The Other Facebook Revolution

How the Internet Makes People Unhappy With Their Governments

People use computers at an Internet cafe in Changzhi, north China's Shanxi province June 20, 2007.

These days, every time a large political demonstration takes place somewhere in the world, it seems to set off a discussion of the Internet's role in facilitating it, whether by allowing protesters to rally support from both domestic and international sources, report developments from the ground, communicate their demands to government leaders, or document police abuses. What tends to be overlooked, however, is the Internet's other role in political movements of this sort—that is, its effects before protestors ever take to the streets. The Internet has quietly but profoundly shifted citizens’ desire to act or organize politically in the first place by influencing their perceptions of their government’s performance.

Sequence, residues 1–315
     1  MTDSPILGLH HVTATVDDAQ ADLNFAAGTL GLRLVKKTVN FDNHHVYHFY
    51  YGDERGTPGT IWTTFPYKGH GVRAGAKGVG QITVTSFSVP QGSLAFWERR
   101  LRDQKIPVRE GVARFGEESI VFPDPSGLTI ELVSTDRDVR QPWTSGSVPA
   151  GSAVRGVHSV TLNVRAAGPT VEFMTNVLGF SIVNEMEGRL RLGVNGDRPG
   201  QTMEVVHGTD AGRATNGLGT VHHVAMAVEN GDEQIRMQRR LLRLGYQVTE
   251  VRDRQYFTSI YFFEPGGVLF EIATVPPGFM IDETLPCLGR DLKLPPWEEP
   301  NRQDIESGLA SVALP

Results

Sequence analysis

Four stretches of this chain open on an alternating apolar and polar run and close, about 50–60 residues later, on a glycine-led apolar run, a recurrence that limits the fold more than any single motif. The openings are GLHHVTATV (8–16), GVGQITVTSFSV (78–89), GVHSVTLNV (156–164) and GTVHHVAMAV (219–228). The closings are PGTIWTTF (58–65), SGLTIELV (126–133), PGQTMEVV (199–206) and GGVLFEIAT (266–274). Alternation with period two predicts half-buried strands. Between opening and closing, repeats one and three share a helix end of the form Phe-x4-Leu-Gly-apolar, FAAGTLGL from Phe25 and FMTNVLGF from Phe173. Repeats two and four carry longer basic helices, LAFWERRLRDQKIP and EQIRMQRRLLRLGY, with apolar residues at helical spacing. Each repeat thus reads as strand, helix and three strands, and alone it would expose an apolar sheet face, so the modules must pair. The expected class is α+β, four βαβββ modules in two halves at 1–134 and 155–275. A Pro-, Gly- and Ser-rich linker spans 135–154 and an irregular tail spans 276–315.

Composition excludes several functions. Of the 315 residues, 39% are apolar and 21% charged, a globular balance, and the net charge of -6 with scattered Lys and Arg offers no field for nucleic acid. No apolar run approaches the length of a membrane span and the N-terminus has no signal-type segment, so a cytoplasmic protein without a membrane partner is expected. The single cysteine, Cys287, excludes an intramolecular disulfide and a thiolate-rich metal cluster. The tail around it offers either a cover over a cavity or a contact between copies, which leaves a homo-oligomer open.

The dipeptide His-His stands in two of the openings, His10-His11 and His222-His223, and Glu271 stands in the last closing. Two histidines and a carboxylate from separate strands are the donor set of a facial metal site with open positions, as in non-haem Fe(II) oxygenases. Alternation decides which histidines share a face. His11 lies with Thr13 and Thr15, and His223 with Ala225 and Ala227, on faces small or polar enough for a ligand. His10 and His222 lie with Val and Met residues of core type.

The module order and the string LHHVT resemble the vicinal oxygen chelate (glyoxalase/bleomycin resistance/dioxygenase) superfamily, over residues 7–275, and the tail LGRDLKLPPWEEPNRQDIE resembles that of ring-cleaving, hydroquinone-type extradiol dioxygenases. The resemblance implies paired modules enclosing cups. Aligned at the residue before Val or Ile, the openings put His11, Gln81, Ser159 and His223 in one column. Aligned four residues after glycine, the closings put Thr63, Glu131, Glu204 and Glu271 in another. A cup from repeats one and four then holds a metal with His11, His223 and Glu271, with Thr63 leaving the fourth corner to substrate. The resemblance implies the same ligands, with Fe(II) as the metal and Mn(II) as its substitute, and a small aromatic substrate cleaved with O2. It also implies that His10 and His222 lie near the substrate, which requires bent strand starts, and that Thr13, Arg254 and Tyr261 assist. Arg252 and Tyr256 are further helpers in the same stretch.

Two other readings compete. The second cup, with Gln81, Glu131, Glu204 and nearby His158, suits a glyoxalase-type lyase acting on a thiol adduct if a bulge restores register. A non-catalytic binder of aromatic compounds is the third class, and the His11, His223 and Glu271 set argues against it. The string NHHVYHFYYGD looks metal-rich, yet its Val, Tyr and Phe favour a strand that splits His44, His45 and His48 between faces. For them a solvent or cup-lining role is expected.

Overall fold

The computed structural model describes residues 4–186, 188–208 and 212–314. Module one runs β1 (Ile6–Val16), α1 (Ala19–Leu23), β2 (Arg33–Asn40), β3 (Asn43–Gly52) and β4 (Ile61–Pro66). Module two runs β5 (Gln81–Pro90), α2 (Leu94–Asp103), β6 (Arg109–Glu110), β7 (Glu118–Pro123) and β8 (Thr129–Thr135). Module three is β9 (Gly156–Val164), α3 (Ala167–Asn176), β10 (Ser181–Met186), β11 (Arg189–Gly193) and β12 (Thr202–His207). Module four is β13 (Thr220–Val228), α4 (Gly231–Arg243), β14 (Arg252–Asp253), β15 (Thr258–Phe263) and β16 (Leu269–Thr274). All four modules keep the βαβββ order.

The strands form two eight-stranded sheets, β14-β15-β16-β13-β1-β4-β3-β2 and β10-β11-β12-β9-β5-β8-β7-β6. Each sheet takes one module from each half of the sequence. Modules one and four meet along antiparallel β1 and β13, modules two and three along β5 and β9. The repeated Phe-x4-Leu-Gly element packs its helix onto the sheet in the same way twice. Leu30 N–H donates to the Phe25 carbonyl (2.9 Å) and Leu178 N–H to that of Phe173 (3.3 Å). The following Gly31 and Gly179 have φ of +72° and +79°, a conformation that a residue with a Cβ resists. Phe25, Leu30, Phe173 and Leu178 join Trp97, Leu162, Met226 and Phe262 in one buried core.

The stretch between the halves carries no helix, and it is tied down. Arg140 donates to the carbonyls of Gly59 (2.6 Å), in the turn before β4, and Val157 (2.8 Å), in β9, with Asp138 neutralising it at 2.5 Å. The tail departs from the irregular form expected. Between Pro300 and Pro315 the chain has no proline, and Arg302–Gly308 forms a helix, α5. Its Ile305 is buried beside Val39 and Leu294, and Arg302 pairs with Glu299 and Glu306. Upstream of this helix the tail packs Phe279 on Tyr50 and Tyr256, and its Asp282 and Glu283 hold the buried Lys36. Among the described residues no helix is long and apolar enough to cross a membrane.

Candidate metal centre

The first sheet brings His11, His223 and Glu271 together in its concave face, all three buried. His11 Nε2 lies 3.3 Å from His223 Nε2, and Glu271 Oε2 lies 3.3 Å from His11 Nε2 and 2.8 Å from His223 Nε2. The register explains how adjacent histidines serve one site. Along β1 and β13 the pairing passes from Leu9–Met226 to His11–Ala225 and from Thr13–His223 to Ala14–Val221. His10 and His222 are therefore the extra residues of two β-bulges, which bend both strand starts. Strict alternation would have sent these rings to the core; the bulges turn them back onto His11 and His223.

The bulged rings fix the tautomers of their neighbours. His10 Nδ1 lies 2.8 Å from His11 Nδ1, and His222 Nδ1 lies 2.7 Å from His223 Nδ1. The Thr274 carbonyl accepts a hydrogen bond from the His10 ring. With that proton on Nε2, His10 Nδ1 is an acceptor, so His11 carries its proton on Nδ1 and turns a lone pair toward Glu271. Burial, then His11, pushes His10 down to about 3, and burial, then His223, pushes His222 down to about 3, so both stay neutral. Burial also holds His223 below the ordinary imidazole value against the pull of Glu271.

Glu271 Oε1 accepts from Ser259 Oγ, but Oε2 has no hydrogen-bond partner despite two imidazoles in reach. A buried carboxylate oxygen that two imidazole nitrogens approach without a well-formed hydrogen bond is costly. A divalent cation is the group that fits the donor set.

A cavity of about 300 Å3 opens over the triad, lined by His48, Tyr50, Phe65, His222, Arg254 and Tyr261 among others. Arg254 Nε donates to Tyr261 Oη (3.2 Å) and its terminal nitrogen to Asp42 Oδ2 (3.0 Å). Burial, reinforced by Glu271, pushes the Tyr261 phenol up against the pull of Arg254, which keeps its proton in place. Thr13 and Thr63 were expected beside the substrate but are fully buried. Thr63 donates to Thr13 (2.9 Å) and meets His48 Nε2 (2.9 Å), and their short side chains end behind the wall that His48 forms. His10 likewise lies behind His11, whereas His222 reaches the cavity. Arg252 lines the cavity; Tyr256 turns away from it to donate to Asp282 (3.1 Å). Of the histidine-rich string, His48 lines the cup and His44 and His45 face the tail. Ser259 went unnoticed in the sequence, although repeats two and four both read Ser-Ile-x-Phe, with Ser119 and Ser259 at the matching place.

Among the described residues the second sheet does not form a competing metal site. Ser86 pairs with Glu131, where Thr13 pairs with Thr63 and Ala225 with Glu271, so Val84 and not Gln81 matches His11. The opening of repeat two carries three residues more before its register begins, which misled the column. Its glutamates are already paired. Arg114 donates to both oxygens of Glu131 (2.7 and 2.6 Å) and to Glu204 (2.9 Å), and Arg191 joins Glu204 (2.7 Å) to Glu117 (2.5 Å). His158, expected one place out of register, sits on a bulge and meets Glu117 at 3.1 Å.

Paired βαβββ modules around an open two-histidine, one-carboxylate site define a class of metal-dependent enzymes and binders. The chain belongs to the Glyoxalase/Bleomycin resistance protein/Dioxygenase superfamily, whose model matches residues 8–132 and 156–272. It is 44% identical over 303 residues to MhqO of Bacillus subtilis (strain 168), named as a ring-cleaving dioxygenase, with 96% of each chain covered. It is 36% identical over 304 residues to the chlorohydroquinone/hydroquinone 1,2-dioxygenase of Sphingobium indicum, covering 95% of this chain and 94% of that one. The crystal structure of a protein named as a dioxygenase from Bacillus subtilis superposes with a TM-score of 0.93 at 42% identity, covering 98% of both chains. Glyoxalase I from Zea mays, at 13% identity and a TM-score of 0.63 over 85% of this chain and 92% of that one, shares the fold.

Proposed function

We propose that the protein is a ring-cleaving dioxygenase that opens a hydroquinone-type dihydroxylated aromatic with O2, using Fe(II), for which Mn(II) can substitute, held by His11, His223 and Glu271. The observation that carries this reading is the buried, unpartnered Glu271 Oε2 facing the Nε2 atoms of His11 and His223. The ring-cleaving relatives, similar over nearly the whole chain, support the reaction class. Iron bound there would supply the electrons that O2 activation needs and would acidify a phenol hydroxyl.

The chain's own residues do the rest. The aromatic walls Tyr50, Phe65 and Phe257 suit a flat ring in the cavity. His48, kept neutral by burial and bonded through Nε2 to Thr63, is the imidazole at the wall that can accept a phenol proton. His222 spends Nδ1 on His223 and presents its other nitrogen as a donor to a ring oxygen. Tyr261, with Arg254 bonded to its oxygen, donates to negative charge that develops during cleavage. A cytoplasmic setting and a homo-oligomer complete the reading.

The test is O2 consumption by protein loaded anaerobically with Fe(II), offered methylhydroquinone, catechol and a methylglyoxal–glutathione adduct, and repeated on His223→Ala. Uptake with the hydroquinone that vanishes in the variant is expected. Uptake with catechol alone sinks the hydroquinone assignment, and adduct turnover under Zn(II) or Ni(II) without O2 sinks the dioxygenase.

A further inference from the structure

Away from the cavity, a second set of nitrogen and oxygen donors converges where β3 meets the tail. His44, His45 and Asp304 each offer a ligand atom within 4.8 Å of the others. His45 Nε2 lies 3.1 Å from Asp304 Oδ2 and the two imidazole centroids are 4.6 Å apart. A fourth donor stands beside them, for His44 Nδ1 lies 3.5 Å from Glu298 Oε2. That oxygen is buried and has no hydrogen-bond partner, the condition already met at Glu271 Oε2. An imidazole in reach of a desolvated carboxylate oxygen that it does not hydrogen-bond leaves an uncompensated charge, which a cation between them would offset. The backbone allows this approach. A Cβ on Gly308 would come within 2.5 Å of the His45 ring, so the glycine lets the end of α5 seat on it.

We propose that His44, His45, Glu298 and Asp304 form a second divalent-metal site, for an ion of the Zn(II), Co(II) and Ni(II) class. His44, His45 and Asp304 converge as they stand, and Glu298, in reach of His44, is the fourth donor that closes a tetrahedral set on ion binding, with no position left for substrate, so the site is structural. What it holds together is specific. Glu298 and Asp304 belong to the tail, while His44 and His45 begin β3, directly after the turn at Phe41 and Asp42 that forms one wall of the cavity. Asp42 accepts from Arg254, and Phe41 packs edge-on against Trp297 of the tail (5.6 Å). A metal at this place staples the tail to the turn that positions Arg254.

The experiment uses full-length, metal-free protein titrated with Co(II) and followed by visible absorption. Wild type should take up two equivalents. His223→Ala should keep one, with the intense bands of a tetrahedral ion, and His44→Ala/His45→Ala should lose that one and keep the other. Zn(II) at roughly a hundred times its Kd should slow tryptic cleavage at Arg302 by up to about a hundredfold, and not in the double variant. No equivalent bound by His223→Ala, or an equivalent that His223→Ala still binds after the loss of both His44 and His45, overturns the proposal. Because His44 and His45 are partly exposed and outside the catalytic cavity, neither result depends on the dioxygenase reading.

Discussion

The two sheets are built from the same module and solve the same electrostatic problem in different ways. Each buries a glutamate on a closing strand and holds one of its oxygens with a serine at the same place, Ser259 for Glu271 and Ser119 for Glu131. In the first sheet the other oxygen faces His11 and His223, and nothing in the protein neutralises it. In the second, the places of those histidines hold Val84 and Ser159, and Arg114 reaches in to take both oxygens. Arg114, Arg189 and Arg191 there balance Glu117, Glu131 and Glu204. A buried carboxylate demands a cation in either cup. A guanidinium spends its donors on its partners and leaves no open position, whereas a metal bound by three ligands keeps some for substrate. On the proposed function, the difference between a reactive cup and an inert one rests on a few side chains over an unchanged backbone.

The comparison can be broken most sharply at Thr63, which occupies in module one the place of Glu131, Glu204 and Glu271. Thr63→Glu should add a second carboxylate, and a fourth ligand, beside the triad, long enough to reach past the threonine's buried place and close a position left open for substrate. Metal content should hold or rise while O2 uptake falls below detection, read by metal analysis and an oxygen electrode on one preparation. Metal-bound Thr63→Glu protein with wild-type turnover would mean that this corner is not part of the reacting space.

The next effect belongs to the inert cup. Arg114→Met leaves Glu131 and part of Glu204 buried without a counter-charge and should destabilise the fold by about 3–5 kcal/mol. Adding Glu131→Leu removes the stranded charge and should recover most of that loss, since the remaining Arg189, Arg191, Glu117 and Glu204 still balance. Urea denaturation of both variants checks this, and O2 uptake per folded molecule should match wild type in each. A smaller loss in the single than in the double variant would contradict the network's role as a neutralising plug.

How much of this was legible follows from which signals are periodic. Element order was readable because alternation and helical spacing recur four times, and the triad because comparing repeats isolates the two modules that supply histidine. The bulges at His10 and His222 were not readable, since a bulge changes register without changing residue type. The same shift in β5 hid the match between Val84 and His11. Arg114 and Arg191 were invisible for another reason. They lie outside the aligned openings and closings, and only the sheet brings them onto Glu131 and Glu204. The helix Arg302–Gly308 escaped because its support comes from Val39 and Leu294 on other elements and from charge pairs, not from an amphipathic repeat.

The Internet, together with related technologies, has been revolutionary for information distribution. It has drastically and rapidly transformed how information is packaged; how quickly and at what cost that information can be transmitted; and which networks have the power

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